Commentary: Aftermarket Outlook: Still down, but improving

By Travis Kokenes, MacKay & Company

A couple of months ago in this column, we indicated our initial forecast for the 2020 parts aftermarket would be down 19.6 percent from 2019. At the time, in late May, nearly all the country was experiencing some form of shutdown orders related to the pandemic and every student was learning remotely to close out the school year.

Since then, we have completed our second quarter fleet utilization survey, and while significant drops were seen across all vocations, they weren’t quite as bad as initially predicted. Total Class 6-8 utilization for Q2 did decline just under 20 percent from comparable 2019 levels. However, when school buses (which were at nearly 0 percent utilization) are excluded from this measure, the drop was only 13 percent year over year. Compared with the historic drop in Q2 GDP, the industry seems to be weathering the storm better than others.

Furthermore, fleets responding to our more recent, monthly miles-driven survey indicate current levels to be off 5 to 7 percent  with year-to-date miles driven down around 10 percent versus 2019. The full results of our Q3 utilization survey will be ready by mid-October and will certainly shed more light on expectations heading into the end of the year and start of 2021.

So, what does all this mean in terms of aftermarket parts sales?

We anticipate sales will be down somewhere between 10 to 15 percent on average. But recent research with dealers and distributors makes it clear this will range drastically. We’ve heard of folks who’ve seen drops of 30 to 40 percent  and believe it or not, some who have seen rather sizeable increases in year-over-year sales. A lot of this depends on the types of customers one serves, as certain industries have experienced much larger declines than others, oil/gas being one example.

Fleets have indicated to us they have made changes to their maintenance and repair activities as a result of the pandemic as well. While the vast majority (75 to 80 percent) say they have not, a large enough portion has, which will have an impact on the aftermarket parts business.

Around 10 percent of fleets indicate they’ve extended maintenance intervals and/or predictive maintenance activities. Five percent have outright delayed needed repairs (non-critical) and/or indicate they’ve started to purchase more all-makes over OE genuine parts. Nearly 10 percent also say they plan on keeping their vehicles longer than they normally would, likely resulting in major repairs they otherwise wouldn’t complete; lost business for new truck salespeople and potential new customers for the aftermarket side.

The good news, which is well overdue this year, is most fleets, dealers and distributors have a positive outlook for the remainder of 2020. Times are tough, no doubt about it, but for those who’ve been in this industry long enough to know, the trucking economy is resilient, and we may yet come out of this most recent downturn stronger than ever.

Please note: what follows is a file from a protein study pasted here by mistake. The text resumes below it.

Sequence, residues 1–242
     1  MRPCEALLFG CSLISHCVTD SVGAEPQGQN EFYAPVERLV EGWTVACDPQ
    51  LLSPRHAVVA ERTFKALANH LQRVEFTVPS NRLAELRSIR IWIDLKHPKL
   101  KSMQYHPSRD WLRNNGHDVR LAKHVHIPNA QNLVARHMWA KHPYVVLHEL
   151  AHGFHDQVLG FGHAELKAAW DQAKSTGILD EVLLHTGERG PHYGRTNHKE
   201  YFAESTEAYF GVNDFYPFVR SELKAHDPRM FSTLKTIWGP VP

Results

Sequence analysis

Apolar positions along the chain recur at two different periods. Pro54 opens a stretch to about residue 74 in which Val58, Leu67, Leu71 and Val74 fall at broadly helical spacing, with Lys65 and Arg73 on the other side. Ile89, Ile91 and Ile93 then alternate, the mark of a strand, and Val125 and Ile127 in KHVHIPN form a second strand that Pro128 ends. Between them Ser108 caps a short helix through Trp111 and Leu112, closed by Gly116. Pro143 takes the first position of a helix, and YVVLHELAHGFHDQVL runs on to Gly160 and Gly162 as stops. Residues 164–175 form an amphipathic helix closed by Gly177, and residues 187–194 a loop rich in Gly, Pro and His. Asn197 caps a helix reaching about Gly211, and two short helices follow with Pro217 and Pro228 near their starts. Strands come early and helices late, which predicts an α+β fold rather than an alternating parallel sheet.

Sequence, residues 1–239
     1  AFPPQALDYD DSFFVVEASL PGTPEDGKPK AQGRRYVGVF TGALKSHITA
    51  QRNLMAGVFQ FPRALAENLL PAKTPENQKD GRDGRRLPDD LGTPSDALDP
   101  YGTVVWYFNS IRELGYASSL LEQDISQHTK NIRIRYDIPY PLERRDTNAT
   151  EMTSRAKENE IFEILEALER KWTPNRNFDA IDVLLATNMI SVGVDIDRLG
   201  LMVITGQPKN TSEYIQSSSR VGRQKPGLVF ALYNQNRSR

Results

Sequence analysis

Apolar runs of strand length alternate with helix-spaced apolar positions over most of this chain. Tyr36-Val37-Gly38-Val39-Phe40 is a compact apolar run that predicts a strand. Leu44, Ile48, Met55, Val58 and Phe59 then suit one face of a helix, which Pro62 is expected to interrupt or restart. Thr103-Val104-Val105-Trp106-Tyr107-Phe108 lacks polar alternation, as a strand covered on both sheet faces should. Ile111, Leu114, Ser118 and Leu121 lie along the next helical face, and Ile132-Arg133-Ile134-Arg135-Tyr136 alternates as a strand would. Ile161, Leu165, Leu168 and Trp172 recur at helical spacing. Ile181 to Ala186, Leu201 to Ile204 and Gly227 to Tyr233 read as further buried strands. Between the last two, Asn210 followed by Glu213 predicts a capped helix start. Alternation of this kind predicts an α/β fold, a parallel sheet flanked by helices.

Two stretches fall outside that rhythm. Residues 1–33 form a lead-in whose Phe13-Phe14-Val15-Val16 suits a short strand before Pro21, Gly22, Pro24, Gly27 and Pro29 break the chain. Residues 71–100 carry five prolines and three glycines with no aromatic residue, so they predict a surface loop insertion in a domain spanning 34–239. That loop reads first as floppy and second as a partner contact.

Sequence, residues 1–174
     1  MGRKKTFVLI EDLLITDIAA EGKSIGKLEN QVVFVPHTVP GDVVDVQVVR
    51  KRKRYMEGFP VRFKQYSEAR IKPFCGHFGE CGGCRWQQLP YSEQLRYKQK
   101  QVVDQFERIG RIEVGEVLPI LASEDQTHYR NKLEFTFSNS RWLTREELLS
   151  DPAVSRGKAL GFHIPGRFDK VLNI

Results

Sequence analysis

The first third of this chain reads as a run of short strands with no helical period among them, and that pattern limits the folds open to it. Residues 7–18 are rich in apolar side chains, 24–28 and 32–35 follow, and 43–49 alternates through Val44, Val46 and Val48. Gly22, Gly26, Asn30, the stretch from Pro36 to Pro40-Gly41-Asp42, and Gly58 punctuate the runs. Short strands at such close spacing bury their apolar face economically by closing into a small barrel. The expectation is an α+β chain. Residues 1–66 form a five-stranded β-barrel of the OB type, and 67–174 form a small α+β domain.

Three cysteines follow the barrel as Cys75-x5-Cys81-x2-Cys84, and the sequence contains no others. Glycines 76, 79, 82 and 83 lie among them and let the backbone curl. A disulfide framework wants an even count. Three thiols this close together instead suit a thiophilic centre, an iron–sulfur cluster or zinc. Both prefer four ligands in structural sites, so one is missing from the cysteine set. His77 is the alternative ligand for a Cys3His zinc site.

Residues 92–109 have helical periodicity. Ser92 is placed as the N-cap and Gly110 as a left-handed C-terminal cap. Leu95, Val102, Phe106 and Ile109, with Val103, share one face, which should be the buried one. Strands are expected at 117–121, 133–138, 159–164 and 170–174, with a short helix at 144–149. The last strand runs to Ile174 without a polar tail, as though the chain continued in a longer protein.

Several dealers and distributors have told us this unique moment in history has allowed them to take a closer look at their businesses, identify problem areas and examine more closely potential opportunities for growth. Whether this is through new or improved e-commerce platforms, inventory management systems or just general operating efficiencies, all should translate into a better overall experience for customers.

As we’re now all accustomed to, much can change between now and the end of the year. A possible fall resurgence of coronavirus may very well lead to additional shutdown orders and school closures; dropping temperatures across much of the country will certainly cause a decline in business for restaurants, bars and other outdoor venues who’ve seen a somewhat return to normalcy this summer; and that’s to say nothing of the upcoming presidential election.

One thing however is certain, those who are most closely aligned with customers’ needs during these uncertain times and who are taking advantage of the current situation to make necessary changes to their business practices will be the ones to come out ahead.

Travis KokenesTravis Kokenes, market research manager, has been with MacKay & Company since 2007. He currently heads the company’s research department and handles the data collection and processing for all its DataMac and proprietary studies.

He oversees the design and implementation of all the company’s phone, direct mail and web-based surveys; working with clients to develop questionnaires that fit their specific areas of interest. He also handles data analysis and reporting for many single client projects and authors MacKay & Company’s monthly DataPulse Plus publication which tracks parts, service and inventory changes among dealers and distributors in the U.S. and Canada.

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